Steaks range in size from a smallish USDA choice seven-ounce sirloin to the humongous hunks of meat previously described, but there are plenty of cuts in the more reasonable 10-, 12- and 16-ounce sizes. Carnivores can also order jumbo grilled pork chops, filet mignon kababs and a number of barbecue entrees. Some desserts are served in small metal buckets, the type in which complimentary salted peanuts are provided.
Normal eaters might have to exercise caution not to fill up on the complimentary bucket of salted peanuts in the shell brought to your table. In days past restaurants serving such peanuts considered it ambience to allow their customers to discard the empty shells on the floor. I surmise a costly litigious settlement courtesy of someone slipping and falling on the floor may be the reason this practice belongs to the past. Either that or Albuquerque’s Environmental Health Department and their dreaded red stickers scared peanut-providing restauranteurs straight.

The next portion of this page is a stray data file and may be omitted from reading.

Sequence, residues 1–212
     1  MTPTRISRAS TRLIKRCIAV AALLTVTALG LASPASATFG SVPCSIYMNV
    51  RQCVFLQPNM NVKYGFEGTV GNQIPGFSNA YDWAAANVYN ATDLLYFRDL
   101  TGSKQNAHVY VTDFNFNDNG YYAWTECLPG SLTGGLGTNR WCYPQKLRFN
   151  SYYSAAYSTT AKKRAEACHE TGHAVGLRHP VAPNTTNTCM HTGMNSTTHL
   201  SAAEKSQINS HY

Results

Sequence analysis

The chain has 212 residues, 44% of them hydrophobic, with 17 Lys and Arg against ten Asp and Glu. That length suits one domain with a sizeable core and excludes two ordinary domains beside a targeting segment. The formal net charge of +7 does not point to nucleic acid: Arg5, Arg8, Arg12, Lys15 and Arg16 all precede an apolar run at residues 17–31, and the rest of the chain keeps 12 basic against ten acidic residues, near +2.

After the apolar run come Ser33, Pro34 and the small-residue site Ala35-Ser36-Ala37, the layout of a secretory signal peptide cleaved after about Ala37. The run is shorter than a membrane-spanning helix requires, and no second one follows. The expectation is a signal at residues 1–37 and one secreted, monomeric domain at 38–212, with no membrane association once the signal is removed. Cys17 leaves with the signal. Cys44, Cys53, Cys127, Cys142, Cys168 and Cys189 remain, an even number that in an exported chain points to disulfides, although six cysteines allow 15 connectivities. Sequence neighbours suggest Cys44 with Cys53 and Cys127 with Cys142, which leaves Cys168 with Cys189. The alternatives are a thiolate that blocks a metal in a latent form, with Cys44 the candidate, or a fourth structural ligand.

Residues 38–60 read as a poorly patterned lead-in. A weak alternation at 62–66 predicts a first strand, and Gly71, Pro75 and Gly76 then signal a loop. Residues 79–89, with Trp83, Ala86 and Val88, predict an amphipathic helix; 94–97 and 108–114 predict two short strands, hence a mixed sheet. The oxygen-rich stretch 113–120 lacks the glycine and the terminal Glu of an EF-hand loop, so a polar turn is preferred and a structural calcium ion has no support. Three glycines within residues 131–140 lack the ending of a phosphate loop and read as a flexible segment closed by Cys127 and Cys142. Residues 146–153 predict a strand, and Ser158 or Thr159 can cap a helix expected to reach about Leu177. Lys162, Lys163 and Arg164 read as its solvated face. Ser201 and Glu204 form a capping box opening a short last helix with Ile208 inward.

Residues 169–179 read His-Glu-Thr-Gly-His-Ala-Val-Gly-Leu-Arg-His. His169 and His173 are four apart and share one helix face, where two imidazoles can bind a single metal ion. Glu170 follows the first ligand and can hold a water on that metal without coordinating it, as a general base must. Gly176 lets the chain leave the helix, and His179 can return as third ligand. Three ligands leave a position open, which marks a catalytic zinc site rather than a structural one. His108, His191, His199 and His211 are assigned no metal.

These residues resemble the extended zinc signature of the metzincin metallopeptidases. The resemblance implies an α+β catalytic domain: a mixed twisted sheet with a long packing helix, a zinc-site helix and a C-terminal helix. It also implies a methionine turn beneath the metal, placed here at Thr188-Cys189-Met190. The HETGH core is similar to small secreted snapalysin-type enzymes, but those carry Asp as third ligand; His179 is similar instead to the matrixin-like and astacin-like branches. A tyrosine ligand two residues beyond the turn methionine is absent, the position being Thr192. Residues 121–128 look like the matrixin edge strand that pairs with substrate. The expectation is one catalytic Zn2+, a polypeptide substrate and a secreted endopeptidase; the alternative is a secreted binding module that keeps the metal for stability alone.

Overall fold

After placing your order, a roundish loaf of honey-glazed bread with soft butter will be brought to your table. Despite the sharpness of a serrated knife, the bread doesn’t slice cleanly and is apt to leave crumbs all over your table. It’s not the soft, doughy bread that goes so well with soft butter, but it’s a good “sopping up” bread for excess barbecue sauce (more on that later).
The entree your order will determine the number of sides accompanying your entree. Available sides are bbq beans, curly seasoned fries, garlic-basil mashed potatoes, country coleslaw, rice pilaf, baked potato, sweet potato, sauteed garden vegetables and sauteed mushrooms. You can load up your baked or mashed potatoes with cheese and bacon for under a dollar if you wish.
Difficult to resist, impossible not to love (at least among barbecue aficionados), baby back ribs are often a good test of a barbecue restaurant’s mettle. With meat between and on top of the bone, a rack of baby back ribs follows the contours of a pig’s rib cage which tapers so that the rack is smaller on one end than on the other. The perfect rack tapers, in fact, like the bamboo Zampona, an Andean instrument made in Peru. A typical rack of baby backs contains a minimum of eight ribs and generally includes as many as 13 ribs depending on the butcher.